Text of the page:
Bret Easton Ellis by way of Gossip Girl, Reefer Madness, and in the cataclysmic finale, Alejandro Gonzaléz Iñárittu, Joel Schumacher’s laughable Twelve could be called The Lost Boys (And Girls) if he hadn’t already used that title 23 years ago. Based on Nick McDonell’s novel, the film marinates in the glamour and ennui of Upper East Side brats who indulge in sex, designer drugs, and wild bacchanals while their parents are out yachting in some far-flung locale. Working from a script by Jordan Melamed—whose one feature as a director, 2001’s underrated Manic, dealt with damaged kids with more insight and far less posing—Schumacher follows the Ellis model of beautiful youth cast adrift, but without Ellis’ lacerating black humor or his sneaky undercurrent of morality. Peel away the surface gloss, and it’s all pretty clichés.

The false gravitas starts with Kiefer Sutherland’s voiceover narration, which uses vast swaths of prose to suggest an inner life that the film’s lead actor, Gossip Girl’s Chace Crawford, has trouble suggesting on his own. Known on the streets as “White Mike” for his ghostly ways of doing business, Crawford traffics marijuana from the tenements of Harlem to the penthouses of upper Manhattan. When a dangerous new drug called “twelve” becomes all the rage, Crawford’s ambivalence about his profession rises with the demand, and his shame is so extreme that even his closest friend (Emma Roberts) doesn’t know what he does for a living. Meanwhile, various rich kids are getting into trouble, including the socially awkward Rory Culkin, who doesn’t know how to handle his erratic brother’s sudden return from boarding school, and Emily Meade, a twelve addict who’s quick to degrade herself for a fix.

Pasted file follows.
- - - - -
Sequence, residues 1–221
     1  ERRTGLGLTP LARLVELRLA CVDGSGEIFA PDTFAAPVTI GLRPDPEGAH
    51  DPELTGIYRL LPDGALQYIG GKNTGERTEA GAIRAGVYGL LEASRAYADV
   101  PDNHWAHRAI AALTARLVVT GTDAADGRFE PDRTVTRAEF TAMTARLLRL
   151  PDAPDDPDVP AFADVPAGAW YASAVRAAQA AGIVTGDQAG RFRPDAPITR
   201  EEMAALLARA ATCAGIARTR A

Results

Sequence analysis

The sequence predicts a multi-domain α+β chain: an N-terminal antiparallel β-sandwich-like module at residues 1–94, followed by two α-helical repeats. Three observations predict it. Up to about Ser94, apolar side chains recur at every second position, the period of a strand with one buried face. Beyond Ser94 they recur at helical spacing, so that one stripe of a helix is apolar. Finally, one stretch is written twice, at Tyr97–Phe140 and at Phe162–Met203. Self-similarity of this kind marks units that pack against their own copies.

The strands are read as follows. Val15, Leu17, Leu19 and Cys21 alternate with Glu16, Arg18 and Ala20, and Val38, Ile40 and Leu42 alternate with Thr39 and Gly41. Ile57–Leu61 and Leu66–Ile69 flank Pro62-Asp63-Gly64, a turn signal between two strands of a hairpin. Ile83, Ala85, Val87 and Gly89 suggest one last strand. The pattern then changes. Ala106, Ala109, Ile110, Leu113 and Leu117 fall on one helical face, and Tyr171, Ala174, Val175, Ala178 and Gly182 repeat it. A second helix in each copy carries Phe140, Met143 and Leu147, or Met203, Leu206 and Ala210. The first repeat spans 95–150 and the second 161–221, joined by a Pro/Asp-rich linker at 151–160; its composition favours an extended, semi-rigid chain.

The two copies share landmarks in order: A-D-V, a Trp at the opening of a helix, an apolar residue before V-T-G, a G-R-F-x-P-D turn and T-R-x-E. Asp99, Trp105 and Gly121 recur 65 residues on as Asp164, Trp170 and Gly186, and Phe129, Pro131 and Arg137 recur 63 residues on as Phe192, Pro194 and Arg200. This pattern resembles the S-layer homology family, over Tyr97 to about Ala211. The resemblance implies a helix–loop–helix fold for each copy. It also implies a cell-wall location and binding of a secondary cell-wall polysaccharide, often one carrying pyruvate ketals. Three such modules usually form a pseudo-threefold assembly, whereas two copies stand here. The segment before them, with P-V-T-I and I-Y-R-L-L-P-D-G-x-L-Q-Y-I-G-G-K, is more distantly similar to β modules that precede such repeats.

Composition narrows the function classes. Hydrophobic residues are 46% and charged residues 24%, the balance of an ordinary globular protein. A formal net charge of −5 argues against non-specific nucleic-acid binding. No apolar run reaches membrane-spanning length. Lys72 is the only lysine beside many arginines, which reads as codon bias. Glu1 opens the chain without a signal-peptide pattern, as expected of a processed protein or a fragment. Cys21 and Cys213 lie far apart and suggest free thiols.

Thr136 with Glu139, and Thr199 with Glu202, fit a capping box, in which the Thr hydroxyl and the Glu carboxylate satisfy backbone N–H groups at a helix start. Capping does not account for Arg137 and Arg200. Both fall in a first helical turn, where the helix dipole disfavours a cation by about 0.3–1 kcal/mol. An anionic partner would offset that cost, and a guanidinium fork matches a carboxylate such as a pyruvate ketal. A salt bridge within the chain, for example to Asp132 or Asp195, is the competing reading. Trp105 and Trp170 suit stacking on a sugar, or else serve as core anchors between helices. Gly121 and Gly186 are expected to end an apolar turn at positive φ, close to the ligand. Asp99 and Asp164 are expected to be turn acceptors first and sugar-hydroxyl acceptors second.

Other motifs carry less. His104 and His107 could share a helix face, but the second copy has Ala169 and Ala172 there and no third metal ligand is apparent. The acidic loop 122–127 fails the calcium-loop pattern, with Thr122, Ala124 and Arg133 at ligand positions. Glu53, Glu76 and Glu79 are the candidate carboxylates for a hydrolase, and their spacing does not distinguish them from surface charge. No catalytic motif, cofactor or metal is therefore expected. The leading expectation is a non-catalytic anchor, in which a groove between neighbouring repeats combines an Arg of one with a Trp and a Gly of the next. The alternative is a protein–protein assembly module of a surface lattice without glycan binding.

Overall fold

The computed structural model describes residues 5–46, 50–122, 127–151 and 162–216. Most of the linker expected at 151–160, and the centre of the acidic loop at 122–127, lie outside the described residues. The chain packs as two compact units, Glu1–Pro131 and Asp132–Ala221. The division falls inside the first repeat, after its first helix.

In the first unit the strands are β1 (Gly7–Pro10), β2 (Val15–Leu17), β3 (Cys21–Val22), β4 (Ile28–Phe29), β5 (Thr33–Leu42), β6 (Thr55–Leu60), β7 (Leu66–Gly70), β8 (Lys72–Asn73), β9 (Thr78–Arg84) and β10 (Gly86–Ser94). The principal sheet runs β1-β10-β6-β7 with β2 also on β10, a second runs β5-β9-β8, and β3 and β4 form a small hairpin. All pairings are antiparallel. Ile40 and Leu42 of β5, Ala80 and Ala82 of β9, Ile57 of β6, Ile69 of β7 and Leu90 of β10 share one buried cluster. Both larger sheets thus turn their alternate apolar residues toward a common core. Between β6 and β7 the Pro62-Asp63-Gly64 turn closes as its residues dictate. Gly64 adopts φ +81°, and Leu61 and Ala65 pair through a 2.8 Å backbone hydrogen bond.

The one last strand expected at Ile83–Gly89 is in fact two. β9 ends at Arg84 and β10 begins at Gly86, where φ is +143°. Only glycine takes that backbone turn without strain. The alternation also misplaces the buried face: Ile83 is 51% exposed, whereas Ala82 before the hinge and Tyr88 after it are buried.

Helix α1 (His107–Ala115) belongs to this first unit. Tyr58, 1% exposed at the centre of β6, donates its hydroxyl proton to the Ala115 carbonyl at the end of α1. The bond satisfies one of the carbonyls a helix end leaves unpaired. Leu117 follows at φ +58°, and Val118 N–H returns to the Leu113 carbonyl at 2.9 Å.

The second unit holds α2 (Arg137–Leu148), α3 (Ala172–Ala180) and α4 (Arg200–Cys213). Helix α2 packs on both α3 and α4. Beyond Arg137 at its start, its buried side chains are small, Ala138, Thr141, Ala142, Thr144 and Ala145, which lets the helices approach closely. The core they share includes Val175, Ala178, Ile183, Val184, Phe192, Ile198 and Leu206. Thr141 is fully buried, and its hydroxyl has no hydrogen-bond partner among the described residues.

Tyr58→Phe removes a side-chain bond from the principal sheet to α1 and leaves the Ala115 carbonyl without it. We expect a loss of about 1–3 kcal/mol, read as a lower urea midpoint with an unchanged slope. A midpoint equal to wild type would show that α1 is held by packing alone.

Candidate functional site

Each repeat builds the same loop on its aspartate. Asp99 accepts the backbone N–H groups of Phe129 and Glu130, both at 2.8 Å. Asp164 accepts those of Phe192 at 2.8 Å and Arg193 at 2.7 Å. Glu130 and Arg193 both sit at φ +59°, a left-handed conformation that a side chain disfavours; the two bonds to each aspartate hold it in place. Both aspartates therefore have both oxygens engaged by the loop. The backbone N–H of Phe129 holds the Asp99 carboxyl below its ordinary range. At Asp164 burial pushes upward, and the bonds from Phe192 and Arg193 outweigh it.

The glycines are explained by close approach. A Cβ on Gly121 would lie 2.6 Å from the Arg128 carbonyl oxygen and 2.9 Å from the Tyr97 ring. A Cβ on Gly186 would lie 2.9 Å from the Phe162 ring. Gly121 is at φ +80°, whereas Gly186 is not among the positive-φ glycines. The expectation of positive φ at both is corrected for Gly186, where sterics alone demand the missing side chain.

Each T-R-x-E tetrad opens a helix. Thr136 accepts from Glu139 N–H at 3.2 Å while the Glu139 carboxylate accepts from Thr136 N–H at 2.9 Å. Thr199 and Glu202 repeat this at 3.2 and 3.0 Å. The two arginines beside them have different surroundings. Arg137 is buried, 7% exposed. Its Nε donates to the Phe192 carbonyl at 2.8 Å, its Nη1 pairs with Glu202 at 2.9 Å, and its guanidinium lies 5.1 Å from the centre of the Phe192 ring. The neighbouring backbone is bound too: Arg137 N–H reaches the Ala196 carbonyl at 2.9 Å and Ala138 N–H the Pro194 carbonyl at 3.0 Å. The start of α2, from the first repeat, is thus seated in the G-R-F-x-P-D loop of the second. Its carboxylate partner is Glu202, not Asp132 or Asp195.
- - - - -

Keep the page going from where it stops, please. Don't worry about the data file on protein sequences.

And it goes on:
Directing in high-art mode, Schumacher gets a lot of information across through overwrought bits of visual poetry, like shooting flashbacks of Crawford’s beloved late mother in bleached-white backdrops, or expressing Meade’s corrupted innocence by having her fall, half-naked and in drug-fueled ecstasy, on a bed festooned with teddy bears. (The latter presages the ultimate drug-movie cliché: having a wealthy, virginal white girl offer her body to an African-American dealer in exchange for a hit.) Twelve is mostly tedious Ellis-lite until the climax, when all the subplots collide in an unintentionally amusing burst of violence and outrageous coincidence. The giggling it inspires makes it that much harder to mourn for a lost generation.

Key features: Trailers for Mirrors 2 and other upcoming Fox DVDs.